Tower of London

The Tower of London is one of the world’s oldest and most renowned jails, but its initial function was not to imprison prisoners. The Tower, which consists of many towers and buildings, was constructed in the late 11th century as a fortification to protect London, the capital city of the British Empire. The Tower of London quickly gained notoriety for its most horrific uses.

 The White Tower

During the reign of King William II, work on the “White Tower,” the oldest Tower at the Tower of London, began in 1078 and was finished in 1100.

It was conceived and constructed by Gundulf of Rochester, a Norman bishop credited with supervising the construction of several significant structures in English history, including the Priory and Cathedral Church in his hometown.

The White Tower was constructed of white limestone (hence its name) brought from Caen in northern France and Kentish ragstone, a native building material.

Originally intended as a battlement, the Tower of London quickly became a prison. After the killing of his brother, William II, in 1100, one of King Henry I’s first moves was to order the imprisonment of Ranulf Flambard, the Bishop of Durham.

Flambard was accused of simony, the act of selling administrative posts in the church for monetary gain. He was the first prisoner detained at the Tower of London, but he afterwards escaped.

The Bell Tower and the Wardrobe Tower may be found on the grounds.

Subsequent kings strengthened and enlarged the complex. The Bell Tower’s construction began in 1190 and was finished in 1210. The top of the Tower’s bell was rung to signal emergencies, such as a fire or an oncoming enemy attack.

In addition, the Wardrobe Tower was commissioned in 1190 and finished in 1199. As its name suggests, the Tower was used to store the royal robes and the famed Crown Jewels of England.

King Henry III authorised the building of the Wakefield and Lanthorn towers, the latter being the Old English spelling of the modern term “lantern,” ten years after the completion of the Bell Tower.

As its name indicates, a lantern was placed atop the Lanthorn Tower at night to assist ships approaching the old port of London and the River Thames.

Throughout the succeeding centuries, more towers and a defensive wall were constructed for the Tower of London complex. In the late 1200s, for instance, King Edward I authorised the construction of a mint that remained operational until 1968.

Since 1485, a unique order of guards known as the Yeomen Warders, often known as “the Beefeaters,” has maintained security at the Tower of London complex.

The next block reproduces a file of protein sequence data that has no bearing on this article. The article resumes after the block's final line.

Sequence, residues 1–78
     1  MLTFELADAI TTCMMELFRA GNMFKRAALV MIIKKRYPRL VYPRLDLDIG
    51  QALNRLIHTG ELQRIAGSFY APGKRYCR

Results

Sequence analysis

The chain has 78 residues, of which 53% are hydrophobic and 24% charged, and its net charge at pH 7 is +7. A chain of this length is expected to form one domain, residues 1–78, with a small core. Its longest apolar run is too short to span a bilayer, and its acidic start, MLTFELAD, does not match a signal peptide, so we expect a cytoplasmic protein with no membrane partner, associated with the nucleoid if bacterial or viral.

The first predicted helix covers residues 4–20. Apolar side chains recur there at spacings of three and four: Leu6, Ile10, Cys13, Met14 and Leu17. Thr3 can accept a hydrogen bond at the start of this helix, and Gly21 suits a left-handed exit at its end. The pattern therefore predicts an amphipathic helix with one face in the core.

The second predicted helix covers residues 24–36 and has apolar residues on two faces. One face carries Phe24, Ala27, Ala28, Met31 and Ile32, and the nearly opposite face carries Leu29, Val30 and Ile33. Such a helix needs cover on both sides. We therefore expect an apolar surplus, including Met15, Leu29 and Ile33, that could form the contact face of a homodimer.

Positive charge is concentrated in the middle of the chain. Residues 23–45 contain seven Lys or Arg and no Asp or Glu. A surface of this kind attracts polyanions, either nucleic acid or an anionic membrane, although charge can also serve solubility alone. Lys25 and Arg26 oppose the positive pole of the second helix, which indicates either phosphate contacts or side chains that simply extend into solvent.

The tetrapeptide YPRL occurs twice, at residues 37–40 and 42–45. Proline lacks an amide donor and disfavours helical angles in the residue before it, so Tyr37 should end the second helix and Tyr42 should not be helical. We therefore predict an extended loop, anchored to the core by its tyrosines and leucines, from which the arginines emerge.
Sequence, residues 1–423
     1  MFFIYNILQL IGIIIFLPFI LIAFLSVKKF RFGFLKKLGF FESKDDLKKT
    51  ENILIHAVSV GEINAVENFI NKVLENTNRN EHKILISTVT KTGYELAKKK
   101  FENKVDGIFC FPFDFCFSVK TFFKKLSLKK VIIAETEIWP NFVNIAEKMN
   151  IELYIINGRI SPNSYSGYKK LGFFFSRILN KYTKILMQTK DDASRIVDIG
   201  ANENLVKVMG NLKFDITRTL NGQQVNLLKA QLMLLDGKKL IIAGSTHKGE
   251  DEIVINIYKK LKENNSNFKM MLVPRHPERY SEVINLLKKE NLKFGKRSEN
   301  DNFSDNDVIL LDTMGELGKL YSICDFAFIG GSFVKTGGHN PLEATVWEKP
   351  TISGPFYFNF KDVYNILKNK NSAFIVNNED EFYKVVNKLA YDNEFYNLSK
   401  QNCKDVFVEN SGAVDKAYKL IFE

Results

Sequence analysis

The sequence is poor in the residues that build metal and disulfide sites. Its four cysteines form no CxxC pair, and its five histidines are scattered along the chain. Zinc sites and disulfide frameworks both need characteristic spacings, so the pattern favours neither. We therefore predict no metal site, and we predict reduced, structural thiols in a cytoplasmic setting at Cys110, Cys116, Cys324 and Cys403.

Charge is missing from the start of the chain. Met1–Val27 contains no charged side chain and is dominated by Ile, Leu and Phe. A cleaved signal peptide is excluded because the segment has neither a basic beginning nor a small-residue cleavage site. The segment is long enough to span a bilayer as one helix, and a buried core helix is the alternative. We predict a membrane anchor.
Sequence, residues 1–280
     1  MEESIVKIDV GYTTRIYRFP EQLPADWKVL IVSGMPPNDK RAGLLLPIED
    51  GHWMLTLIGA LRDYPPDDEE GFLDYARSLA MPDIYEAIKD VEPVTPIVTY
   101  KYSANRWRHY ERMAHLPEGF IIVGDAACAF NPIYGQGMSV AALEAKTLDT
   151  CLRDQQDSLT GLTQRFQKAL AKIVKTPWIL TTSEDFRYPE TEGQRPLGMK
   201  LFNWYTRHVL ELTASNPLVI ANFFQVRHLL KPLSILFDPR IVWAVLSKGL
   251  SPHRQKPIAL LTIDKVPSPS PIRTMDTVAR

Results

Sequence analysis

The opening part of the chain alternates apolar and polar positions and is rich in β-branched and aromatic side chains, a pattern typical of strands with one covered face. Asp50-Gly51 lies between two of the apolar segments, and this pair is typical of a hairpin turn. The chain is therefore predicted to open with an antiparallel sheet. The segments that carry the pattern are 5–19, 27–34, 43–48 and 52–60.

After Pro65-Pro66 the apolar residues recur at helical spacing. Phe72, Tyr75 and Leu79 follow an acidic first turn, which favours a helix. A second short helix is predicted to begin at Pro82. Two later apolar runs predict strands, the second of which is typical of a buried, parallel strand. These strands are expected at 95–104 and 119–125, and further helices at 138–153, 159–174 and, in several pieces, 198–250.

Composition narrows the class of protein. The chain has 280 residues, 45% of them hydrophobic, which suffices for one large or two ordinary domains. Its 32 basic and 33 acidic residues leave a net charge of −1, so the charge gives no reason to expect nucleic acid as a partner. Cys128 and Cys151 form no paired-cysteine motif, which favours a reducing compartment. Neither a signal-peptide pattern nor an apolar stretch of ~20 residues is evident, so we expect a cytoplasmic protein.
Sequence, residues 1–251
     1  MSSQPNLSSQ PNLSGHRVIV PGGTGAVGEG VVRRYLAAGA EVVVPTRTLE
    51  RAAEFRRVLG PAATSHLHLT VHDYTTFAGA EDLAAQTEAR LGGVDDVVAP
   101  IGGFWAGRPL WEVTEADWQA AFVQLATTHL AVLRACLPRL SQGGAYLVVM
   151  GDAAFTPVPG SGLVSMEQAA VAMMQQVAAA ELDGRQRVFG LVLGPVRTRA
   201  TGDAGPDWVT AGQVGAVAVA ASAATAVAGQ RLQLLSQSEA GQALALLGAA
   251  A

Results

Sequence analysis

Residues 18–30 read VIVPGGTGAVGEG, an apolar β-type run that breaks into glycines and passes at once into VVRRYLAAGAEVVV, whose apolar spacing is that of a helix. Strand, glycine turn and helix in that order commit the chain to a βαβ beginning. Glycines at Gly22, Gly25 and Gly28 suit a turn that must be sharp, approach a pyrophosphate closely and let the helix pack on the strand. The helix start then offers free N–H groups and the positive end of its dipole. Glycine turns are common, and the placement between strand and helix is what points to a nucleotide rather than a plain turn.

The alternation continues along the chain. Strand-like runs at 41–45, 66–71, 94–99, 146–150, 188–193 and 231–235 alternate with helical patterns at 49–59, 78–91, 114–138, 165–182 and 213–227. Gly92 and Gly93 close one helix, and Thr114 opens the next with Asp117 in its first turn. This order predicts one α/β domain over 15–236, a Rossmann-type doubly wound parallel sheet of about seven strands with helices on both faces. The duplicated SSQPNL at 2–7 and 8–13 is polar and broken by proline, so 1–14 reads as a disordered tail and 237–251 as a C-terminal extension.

The term Beefeaters is purportedly derived from a 17th-century Italian nobleman’s observation that members of the guard corps were provided with a hefty daily portion of beef.

Executions at the Tower of London

The Tower of London became the favoured detention destination for anybody regarded as a threat to national security, including members of the royal family.

Despite the notorious brutality of the location, not all prisoners were subjected to deplorable circumstances. For instance, wealthy convicts were let to live rather lavishly, and some were even permitted to leave for hunting expeditions.

King John Balliol of Scotland brought his attendants, hunting hounds, and wife with him while imprisoned at the Tower for three years before his exile to France in 1299.

Despite the location’s notoriety as a place of torture, most notably with the iconic contraption known as “the rack,” records indicate that comparatively few prisoners were tortured. Primarily in the sixteenth and seventeenth centuries, torture was used to coerce political captives into providing information to their captors.

These convicts were shackled at the wrists and feet and made to lie on the rack. Attached to these restraints were ropes that were progressively pulled to cause pain.

Assassinations at the Tower

Torture may have been uncommon, but executions in the Tower of London were regular. Countless captives were killed by beheading, firing squad, or hanging on the spot.

Sir Thomas More was killed in the Tower in 1535 for refusing to acknowledge King Henry VIII as the head of the Church of England. One year later, Henry VIII notoriously had his wife Anne Boleyn beheaded. Catherine Howard, Henry VIII’s sixth wife, was also killed at the Tower of London in 1542.

In 1606, perhaps most memorably, Guy Fawkes, a political prisoner, was killed at the Tower. Fawkes was caught for his involvement in a scheme to blow up Parliament on November 5, 1605, when he was discovered guarding a store of explosives and gunpowder in the basement of the assembly.

Guy Fawkes Night is still observed on November 5 throughout the majority of the United Kingdom to honour the conspiracy’s thwarting and the British Empire’s survival.

During the Conflict of the Roses civil war in 1471, King Edward VI was also assassinated at the Tower of London.

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